To prepare for this year’s ‘Miracles Day’ – the day we raise funds for life-changing eye surgeries – we sat down with Brekky duo Sam and Duncan, to hear just how they’ve been impacted by visiting CBM’s remote eye hospitals.
For Duncan, it wasn’t the many patients whose lives have been changed forever that left the biggest impression on him – although they were incredible.
In fact, it was one eye surgeon: a very humble, vibrant, slightly sassy, and ferociously hard working woman named Preena Brenner. Her attitude leaves most Aussies’ work ethic in the dust.
The moment she walked in the room, Duncan says, it was clear there was something different about her.
“It was 38 degrees, there was no air-conditioning, the power was cutting in and out, I was struggling with the heat and the food, I was depressed, I’d had no sleep – and I was struggling to connect,” he recalls.
“In walks Dr Brenner, and the entire room lit up.
“Nurses were laughing at her stories, she was yelling at people, they were running all over the place—and you clearly saw, in the way she was talking with the other staff, a passion and a fire.”
Intrigued, Duncan struck up a conversation with this clearly dedicated woman.
“I said, ‘Why do you do this, why are you so passionate about this?’ She said, “This surgery takes me eight minutes. But you Western doctors will spend an hour doing this surgery. I do about 70 of these a day.”
“I said, ‘Wow, so how many have you done? Five thousand?’
“She laughs at me and said ‘I’ve done 40,0000 of these surgeries!’
Duncan said he was amazed to hear someone still so passionate about their work, when they’ve already done so much of the same thing.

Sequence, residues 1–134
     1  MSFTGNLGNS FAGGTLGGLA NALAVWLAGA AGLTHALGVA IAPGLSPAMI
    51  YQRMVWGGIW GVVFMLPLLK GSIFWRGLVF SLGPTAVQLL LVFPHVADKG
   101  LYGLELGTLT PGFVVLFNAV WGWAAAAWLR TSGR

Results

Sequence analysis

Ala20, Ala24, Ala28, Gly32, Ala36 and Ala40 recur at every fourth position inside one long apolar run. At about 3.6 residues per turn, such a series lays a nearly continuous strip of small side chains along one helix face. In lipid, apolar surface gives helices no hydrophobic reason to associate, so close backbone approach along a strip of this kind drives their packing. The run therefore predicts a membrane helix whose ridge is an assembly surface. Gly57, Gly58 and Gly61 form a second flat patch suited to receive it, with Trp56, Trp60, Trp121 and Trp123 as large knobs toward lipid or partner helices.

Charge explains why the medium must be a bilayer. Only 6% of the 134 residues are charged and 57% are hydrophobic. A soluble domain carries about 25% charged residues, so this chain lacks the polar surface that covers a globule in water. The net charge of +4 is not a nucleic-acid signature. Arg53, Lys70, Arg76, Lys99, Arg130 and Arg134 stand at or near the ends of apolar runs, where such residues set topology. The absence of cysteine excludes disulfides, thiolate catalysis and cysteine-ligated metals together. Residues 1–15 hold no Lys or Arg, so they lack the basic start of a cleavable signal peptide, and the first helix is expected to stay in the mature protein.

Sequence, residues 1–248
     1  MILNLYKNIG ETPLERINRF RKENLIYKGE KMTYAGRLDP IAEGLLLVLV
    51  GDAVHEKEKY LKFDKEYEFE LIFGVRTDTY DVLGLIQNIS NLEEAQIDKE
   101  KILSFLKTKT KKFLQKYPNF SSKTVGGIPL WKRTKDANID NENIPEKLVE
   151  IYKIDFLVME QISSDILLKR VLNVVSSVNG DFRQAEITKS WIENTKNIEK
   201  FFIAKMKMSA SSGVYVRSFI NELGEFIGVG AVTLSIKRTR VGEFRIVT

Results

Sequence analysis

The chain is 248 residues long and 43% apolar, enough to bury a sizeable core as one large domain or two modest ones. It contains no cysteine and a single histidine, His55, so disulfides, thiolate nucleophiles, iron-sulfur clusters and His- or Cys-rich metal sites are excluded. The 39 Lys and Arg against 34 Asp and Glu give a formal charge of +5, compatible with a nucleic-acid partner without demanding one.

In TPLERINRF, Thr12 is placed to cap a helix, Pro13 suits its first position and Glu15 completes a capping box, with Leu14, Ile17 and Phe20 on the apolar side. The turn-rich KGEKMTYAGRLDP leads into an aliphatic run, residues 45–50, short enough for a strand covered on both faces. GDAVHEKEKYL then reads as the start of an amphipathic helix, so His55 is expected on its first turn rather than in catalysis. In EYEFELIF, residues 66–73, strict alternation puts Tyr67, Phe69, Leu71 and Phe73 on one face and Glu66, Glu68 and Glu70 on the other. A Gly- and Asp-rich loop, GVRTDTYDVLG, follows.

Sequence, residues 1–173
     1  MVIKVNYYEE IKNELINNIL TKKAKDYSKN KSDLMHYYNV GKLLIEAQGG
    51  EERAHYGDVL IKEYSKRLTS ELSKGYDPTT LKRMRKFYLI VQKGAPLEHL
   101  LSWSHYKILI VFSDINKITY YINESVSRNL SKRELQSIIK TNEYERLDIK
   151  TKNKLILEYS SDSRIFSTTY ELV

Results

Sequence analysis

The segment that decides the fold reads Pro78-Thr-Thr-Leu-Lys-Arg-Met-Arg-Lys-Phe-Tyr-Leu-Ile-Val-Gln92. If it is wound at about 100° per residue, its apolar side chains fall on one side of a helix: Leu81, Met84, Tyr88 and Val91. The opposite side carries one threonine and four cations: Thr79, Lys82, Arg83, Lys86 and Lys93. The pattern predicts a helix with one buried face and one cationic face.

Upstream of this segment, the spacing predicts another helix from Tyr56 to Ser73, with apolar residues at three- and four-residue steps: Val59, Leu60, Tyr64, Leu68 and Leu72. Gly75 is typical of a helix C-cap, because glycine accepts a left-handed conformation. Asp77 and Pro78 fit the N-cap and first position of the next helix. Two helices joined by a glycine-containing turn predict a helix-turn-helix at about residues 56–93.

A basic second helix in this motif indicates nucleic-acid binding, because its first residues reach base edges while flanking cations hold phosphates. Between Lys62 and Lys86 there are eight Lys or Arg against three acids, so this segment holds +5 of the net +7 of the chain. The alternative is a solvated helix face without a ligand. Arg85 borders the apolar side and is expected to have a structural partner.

“She still had the same fire and passion, because she wants to make a difference,” he said. “That was the moment that stood out for me. It was a reminder that the right person, with the right power and passion and conviction, can impact [the same number of people as] the population of Port Macquarie. 40,000 lives changed, because of that one person.
“We were floored when we asked her, ‘Why wouldn’t you take a higher paying job in a fancier hospital?’
“Her reply was, ‘Money isn’t everything my friend, and every person on this planet has the right to clear vision. That is why serving in this hospital is so special.’”
Up Slippery Mud Tracks and Steep Stairs – While Blind
For Sam, it was a moment in Northern Vietnam in 2018, visiting a cataract patient’s home, that stands out the most.
“You had to walk down slippery mud tracks to get to the home; you had to walk up some very steep stairs to the house which is raised on stilts,” Sam said.
“I had enough trouble doing it with good eyesight let – alone imagining what it was like for someone like Lei (pictured), who lived in that house, to have to do that each and every day while blinded by cataracts. She just simply could not do it by herself until she got the gift of sight through simple cataract operation.
“And suddenly, things were so much easier for her, she didn’t need to be guided by her family members. She had more independence.”
If you, like the passionate surgeon Preena, believe that women like Lei in Northern Vietnam have the right to clear vision too, you can make a difference today – by supporting Hope 103.2 and CBM’s Miracles Day.